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McKenzie Robinson | SBJ

Women’s Workforce Participation Reaches 35-Year Low

SBJ Economic Growth Survey: Demographic Shifts: Working women embrace lifestyle change in pandemic

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In the wake of a pandemic that forced schools to close their doors and shifted learning to the home, it should come as no surprise that many people had to leave the workplace, either temporarily or permanently.

What may be a surprise is that January figures showed women’s labor force participation rate – the percent of adult women who are either working or looking for work – at 57%, the lowest level in the United States since 1988, according to the National Women’s Law Center.

Economists dubbed pandemic-related employment losses as a “she-cession,” as numerous jobs were lost in women-dominated industries, like service and hospitality, according to the NWLC.

Katie Gilbert, who researches women’s issues and teaches literature and women’s studies at Drury University, said there are many reasons women have been the ones leaving the workforce during coronavirus.

“Women are traditionally overtasked with care,” she said. “One of the reasons women tend to be the ones to leave their jobs has to do with gender inequality in care work.”

According to data from the U.S. Census Bureau and U.S. Bureau of Labor Statistics, women and men entered the pandemic in February 2020 roughly even in their unemployment numbers. In fact, in early 2020, BLS numbers had women holding slightly more jobs than men for only the second time in history. Unemployment for women reached a peak of 15.8% – more than 2% above men – in April 2020. But by the end of 2020, women lost 5.4 million jobs compared with 4.4 million for men, BLS/Census data show.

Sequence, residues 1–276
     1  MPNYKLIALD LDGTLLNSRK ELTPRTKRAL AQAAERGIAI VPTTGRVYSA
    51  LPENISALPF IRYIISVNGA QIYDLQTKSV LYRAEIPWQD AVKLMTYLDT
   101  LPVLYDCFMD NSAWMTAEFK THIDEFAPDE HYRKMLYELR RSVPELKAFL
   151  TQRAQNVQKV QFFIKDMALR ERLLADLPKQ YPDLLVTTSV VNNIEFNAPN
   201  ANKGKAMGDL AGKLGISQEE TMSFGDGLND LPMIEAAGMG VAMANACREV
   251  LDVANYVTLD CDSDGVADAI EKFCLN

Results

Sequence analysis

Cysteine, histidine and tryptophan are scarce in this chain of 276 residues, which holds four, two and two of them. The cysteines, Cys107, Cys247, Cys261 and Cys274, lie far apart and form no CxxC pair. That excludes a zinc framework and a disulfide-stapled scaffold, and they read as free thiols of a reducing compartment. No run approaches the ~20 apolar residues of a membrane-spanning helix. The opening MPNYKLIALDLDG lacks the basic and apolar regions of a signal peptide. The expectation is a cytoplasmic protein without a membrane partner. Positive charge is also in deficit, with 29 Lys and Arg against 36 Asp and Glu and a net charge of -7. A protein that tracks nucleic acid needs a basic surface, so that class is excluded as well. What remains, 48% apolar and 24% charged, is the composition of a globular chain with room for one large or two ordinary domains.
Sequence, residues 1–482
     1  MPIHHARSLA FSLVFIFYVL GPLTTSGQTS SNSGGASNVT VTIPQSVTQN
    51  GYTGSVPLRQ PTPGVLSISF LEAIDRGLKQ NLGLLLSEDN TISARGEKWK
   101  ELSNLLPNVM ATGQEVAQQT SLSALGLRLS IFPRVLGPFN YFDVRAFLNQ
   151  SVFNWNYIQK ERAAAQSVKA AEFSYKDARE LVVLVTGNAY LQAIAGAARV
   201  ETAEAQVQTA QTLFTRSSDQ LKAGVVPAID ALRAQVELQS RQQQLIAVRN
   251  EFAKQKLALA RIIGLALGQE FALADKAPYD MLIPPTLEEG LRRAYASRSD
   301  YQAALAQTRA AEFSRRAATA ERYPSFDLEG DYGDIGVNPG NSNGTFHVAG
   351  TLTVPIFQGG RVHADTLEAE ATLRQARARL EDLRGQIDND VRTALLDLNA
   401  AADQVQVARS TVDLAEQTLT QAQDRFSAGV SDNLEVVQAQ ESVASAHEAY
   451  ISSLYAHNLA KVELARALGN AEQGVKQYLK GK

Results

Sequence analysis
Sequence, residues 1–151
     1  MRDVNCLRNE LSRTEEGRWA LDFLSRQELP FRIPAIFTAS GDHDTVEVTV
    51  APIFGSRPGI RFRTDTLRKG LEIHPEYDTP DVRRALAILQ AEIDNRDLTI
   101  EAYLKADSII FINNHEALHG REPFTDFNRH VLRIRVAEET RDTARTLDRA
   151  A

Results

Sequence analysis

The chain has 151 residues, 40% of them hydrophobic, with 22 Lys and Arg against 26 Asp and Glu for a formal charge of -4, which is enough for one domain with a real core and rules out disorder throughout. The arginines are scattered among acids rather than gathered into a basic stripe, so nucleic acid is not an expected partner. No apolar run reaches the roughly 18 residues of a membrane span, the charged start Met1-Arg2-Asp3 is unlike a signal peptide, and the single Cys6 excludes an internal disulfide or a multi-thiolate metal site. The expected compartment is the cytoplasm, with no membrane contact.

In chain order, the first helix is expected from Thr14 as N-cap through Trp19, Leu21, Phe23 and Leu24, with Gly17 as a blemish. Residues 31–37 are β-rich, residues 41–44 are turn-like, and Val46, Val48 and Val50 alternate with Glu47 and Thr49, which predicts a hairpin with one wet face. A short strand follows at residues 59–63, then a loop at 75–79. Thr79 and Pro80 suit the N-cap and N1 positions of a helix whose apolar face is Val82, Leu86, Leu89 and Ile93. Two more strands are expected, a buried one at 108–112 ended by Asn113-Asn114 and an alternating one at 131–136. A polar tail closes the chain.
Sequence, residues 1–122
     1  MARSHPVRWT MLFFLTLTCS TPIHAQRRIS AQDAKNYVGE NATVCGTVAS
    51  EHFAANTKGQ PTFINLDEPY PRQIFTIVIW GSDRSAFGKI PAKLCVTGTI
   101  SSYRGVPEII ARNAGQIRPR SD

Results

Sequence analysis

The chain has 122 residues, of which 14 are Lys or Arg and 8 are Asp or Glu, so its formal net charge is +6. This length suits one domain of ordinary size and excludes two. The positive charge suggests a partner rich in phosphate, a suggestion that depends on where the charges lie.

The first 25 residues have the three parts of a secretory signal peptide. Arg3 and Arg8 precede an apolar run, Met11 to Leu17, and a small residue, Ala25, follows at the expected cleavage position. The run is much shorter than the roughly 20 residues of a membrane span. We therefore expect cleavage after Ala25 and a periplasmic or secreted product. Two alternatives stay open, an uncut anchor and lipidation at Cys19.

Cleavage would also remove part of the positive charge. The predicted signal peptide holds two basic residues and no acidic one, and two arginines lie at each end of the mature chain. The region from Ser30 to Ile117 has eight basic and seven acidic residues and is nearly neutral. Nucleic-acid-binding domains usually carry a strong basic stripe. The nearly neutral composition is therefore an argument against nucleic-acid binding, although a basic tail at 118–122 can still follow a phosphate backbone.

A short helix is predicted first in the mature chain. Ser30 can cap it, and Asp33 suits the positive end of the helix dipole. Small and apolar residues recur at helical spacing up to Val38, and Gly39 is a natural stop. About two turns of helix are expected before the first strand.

At back-to-school time in September, 80% of the 1.1 million people who left the workforce were women, and by December, women accounted for all of the nation’s net job losses – while men had some net gains in employment.

Gilbert thinks there may be an opportunity for some positive change when the dust from COVID-19 clears.

“We need to actually restructure and revalue everything,” she said, citing work-from-home policies, flex time, affordability of child care, pay equity and elderly care. “We need to see that care work as valuable in our society in such a way that structures allow for time and resources.

“If I were in charge of an organization right now, I would send out a survey to my employees and ask them, ‘How has COVID affected your ability to work and take care of children at the same time?’” she said. “I’d also ask, ‘What resources can we offer to parents to help them through this emergency?’”

Gilbert noted that the situation is not only difficult for current members of the workforce, but future ones, too. “College students are aware of these issues, and they’re also concerned,” she said. “They’re about to enter a workforce where change has not happened at a pace that it should have.”

The 2021 Economic Growth Survey reveals talent acquisition and skilled workforce are top issues for area business leaders, following only the need to attract new customers.

“We need to think about the long-term loss,” Gilbert said.